Preparing to Own a Home

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Whether planning to purchase or build that first home, there is quite a bit of preparation work to complete. Owning a home is much different than renting one. Renters pay a specific amount of money that covers most housing expenses. Food and internet are nominal extra bills, but there are many items renters do not cover.


The largest part of preparation when people decide to own homes is in the area of finances. Owning a home means paying a mortgage, all the utility bills, insurance premiums on the house, and taxes. That may add up to a lot more than the cost of rent. A budget is needed to determine if the income will support the expenses of ownership.

A lender will not approve a home loan if applicants have a high income to debt ratio. That not only includes household expenses but also any car payments, credit card debt, or other regular expenses shared by the applicants. It may be worth paying down credit cards before even filling out an application.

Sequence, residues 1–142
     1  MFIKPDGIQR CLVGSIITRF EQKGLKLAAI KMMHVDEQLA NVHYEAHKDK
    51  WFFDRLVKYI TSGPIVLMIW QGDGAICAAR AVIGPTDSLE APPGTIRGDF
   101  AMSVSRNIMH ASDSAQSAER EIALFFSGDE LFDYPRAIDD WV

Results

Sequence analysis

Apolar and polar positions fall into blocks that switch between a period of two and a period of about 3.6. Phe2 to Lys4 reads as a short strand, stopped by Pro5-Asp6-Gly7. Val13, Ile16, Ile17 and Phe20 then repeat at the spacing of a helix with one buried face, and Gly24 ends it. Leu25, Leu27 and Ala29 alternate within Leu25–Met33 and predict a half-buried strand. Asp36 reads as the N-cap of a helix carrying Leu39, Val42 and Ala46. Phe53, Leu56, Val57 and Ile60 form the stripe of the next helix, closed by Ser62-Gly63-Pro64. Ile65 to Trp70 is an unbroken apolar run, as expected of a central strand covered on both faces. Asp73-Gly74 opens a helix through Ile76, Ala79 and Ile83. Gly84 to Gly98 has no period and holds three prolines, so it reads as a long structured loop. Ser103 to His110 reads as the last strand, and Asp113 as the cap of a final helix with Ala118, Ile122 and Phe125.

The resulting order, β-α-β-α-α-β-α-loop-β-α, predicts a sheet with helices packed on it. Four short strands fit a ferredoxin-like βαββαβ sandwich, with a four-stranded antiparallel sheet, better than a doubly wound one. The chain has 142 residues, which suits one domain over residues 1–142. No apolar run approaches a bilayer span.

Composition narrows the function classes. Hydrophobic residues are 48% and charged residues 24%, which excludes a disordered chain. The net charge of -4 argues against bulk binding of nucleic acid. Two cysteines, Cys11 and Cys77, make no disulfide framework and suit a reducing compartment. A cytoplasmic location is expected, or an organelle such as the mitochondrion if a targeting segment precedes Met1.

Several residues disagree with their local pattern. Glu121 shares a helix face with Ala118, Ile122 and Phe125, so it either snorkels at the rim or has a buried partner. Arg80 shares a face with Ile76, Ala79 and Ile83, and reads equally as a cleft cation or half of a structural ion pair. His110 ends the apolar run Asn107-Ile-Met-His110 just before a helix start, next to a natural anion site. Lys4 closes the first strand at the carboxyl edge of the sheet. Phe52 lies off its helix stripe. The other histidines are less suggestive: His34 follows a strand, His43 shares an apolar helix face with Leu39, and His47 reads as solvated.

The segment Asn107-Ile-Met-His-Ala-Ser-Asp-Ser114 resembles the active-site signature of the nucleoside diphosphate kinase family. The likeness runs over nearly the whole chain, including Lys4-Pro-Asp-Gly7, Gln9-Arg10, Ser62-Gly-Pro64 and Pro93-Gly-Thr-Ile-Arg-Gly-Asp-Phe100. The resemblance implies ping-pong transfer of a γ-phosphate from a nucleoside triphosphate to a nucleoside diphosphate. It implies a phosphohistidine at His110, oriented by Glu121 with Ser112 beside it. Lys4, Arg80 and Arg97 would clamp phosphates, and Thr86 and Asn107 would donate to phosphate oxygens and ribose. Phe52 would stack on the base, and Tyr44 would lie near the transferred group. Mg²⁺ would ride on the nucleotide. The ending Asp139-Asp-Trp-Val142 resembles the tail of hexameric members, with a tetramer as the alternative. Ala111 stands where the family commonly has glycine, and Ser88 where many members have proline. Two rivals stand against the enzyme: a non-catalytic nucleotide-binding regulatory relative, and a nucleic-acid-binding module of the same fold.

Saving Habits

Homeowners will be overwhelmed quickly if they do not set up a savings account specifically for the needs of the house. Remember, there is no landlord to call when the furnace dies, the pipes burst, or the refrigerator stops working. All repairs, replacements, and maintenance is now your responsibility, and those costs are rarely cheap. There will also be plowing costs, lawn maintenance, and situations that cannot even be imagined.


Preparations for moving are also required. A few friends with trucks are perfect, but that is not always the case. Decisions regarding how the move will take place have to be made to ensure there is money to cover those expenses. A moving truck can be rented for the day, which is a cost-effective option. Without any help from friends and family, that means a lot of packing, lifting, and unpacking all day long.

A moving company can be hired. It will be more expensive but will require less work for those moving. The process will take less time because professionals are fast and efficient. This may be worth the extra cost, especially if there is a risk of a bad back or past injury flaring up.


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